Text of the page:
How Cellulosic Ethanol Works


That's not corn! Nope, the latest alternative fuel that may someday power your cars relies on biomass such as cut wood as its starting point. See more green science pictures.
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The United States used an average of 20.7 million barrels of petroleum daily in 2007, more than any other country, and more than half of which was imported [sources: EIA, EIA]. The country, however, is hoping to change that scenario, and U.S. energy policy is sending a clear message: Import less petroleum and use more renewable fuels. The latest law behind the message, the Energy Independence and Security Act of 2007, requires the country to replace 36 billion gallons of its annual petroleum use with renewable fuel by 2022 [source: RFA].

Corn ethanol and cellulosic ethanol rank among the fuels that will make up the difference. We know corn ethanol. What is the new stuff? It's alcohol made from tough plant stems, leaves and trunks instead of supple starch. So far, refineries around the world can produce it only on a demonstration scale. It's more complicated to make than corn ethanol. If it were sold at the pump now, it would be more expensive than both corn ethanol and gasoline.

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The U.S. government has invested in cellulosic ethanol research and refineries, including $1.3 billion for the Department of Energy to dispense in 2009 [source: Waltz (2009)]. The funding has seeded commercial plants, which could open in the United States as early as 2010.

Driving on cellulosic ethanol as opposed to pure gasoline has environmental benefits, and it could eventually be cheaper than other liquid fuels, depending on the price of corn and oil.

Read on to learn what this fledgling fuel has to offer.

Cellulosic vs. Starch Ethanol

You can make ethanol from many plant sugars. Cellulose and starch are just two examples. No matter what you start with, the ethanol production process takes polysaccharides, or complex sugars, from the plant, breaks them into single sugars and converts them into ethanol.

The differences between starch and cellulosic ethanol start with the plants. In the United States, starch ethanol is made from corn kernels. Cellulosic ethanol, however, starts with cellulose, the most abundant carbon-containing material on the planet, and hemicellulose. Plants make 100 billion tons (91 billion metric tons) of cellulose every year [source: Campbell].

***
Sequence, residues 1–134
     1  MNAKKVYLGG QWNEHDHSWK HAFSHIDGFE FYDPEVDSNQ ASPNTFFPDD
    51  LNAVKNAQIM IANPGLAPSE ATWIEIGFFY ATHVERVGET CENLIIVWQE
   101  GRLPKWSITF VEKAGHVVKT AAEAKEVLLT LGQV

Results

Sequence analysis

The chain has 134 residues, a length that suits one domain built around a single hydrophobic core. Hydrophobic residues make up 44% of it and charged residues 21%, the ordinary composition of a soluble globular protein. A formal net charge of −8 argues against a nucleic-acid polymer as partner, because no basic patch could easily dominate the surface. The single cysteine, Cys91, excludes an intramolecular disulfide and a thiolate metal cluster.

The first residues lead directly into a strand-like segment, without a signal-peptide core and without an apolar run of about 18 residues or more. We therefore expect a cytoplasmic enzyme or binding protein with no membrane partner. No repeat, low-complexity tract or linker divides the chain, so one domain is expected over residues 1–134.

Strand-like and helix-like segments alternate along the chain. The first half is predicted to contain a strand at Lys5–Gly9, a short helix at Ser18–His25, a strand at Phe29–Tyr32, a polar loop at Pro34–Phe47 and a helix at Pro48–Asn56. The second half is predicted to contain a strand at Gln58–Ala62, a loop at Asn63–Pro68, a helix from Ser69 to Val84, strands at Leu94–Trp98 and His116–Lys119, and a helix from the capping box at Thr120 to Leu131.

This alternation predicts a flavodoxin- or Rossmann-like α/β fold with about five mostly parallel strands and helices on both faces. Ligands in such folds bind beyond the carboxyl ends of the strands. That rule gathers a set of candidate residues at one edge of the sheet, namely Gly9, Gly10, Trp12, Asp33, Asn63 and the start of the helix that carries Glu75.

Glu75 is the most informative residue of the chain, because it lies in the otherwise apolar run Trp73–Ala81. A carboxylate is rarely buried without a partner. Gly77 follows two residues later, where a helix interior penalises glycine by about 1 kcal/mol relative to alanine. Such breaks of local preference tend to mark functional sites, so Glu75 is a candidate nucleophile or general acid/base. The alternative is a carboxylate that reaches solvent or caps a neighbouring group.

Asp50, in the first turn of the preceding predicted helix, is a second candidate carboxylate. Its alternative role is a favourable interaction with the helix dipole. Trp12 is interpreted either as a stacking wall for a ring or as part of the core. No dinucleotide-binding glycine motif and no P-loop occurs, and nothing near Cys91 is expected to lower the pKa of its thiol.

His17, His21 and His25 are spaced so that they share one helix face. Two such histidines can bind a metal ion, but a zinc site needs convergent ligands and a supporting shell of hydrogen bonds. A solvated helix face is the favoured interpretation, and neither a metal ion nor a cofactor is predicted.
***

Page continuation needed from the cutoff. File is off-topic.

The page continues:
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Starch is how plants store energy, so it's easy to break down. Enzymes throughout the natural world, such as alpha-amylase in our mouths, can break starch into glucose.

Cellulose and hemicellulose resemble plant armor. Inside cell walls, they're tangled with a third tough material, lignin, which makes plants woody.

If starch melts in your mouth and cell walls resist degradation, then it makes sense that starch is easier to convert into ethanol. When starting with starch, refineries grind corn kernels and add common amylase enzymes, which break the starch into glucose. Yeast then converts the glucose into ethanol.

When starting with cellulosic biomass, ethanol production is slower and more complicated. Grinding the plants is just the beginning. Refineries add acid to unweave hemicellulose, cellulose and lignin -- lignin is in the way, since it isn't fermentable. Next, acid breaks down hemicellulose into four component sugars. Then cellulose is freed, but enzymes must break it into glucose. Now, refineries are stuck with five sugars to convert to ethanol. Glucose is easy, but the others aren't. Microbes that naturally ferment all five sugars poorly tolerate bioreactors, so refineries need engineered microbes or a microbe potpourri. Toxin buildup, incomplete conversions and slow enzymes all complicate the process and lower the ethanol yield.